After the Games end, Mr Herbert could soon find his two jobs replaced by one - in the Cabinet. He is near the front of the queue for promotion and could have expected to become a Secretary of State had the Conservatives won the last election outright.
Appointed to the Tory front bench by David Cameron just seven months after becoming an MP, he appeals to both wings of the party - as symbolised by his two departmental bosses - describing himself as a reformer who is also a "deep Conservative".
The challenge the Prime Minister handed him two years ago was to take direct responsibility for driving through parallel reforms to the police and the criminal justice system designed to deliver more to the public for less money.
For years governments have baulked at scrapping the historic array of special payments and allowances enjoyed by the police. But this time, the Coalition insists, it will be different and is preparing to overhaul pay scales and recruitment. Today, Mr Herbert will set out plans for the Police Professional Body, half drawn from outside the force, to oversee standards.The stance has sent relations plunging between the Police Federation, which represents rank-and-file officers, and Home Office ministers, with Ms May barracked and booed at the Fed's recent conference.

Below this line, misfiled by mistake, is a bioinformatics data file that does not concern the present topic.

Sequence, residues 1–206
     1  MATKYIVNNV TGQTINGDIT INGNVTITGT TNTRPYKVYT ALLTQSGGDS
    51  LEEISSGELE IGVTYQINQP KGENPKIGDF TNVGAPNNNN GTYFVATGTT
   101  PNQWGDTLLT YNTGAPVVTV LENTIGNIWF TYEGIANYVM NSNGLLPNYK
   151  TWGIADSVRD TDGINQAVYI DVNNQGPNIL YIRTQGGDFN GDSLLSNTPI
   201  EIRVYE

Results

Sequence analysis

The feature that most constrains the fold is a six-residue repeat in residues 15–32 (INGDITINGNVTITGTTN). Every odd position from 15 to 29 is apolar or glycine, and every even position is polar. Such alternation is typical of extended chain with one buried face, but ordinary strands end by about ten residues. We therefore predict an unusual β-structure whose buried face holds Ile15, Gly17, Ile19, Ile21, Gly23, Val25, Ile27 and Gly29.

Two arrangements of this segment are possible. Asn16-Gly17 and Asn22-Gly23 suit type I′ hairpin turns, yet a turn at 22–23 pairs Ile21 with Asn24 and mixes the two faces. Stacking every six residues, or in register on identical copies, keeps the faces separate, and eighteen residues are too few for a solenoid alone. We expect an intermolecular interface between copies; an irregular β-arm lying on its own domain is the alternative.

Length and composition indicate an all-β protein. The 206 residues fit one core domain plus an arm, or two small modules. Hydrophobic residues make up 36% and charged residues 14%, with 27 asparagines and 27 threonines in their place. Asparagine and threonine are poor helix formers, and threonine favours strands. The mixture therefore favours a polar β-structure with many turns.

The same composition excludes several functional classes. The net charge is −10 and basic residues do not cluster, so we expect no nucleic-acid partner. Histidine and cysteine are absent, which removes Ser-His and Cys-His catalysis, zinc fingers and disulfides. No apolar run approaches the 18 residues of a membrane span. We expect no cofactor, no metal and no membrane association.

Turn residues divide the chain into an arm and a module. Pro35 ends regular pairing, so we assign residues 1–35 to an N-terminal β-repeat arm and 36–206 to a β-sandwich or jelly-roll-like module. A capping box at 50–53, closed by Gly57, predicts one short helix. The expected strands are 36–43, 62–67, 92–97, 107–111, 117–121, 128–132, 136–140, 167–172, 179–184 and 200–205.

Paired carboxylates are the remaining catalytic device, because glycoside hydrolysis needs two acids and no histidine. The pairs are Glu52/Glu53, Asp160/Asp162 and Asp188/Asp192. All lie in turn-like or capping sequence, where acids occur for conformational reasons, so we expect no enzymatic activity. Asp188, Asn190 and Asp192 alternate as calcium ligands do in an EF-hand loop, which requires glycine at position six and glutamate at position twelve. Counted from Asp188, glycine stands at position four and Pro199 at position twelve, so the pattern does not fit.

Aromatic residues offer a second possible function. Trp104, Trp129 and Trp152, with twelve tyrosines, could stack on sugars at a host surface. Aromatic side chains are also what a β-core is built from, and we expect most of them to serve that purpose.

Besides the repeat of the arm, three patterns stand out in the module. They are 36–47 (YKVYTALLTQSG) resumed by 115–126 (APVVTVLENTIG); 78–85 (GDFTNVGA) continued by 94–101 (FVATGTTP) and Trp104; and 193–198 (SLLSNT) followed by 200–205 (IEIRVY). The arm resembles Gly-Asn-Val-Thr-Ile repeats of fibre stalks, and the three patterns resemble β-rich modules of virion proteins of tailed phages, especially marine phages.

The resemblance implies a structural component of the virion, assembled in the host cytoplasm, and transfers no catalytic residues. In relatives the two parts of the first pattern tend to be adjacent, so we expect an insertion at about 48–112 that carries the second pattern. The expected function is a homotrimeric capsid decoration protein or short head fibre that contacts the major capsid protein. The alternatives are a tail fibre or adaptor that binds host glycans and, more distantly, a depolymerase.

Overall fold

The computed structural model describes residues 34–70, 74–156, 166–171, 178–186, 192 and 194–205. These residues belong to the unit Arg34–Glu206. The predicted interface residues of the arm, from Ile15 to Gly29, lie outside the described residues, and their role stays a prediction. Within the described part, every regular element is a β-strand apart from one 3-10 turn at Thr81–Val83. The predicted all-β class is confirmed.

Mr Herbert retorts: "I'm a fierce defender of the British model of policing, but there are things that have to change... I am not in office to be loved, I'm in office to take those necessary decisions. It's important we have a sensible dialogue about them and hurling insults is not going to deflect the Government."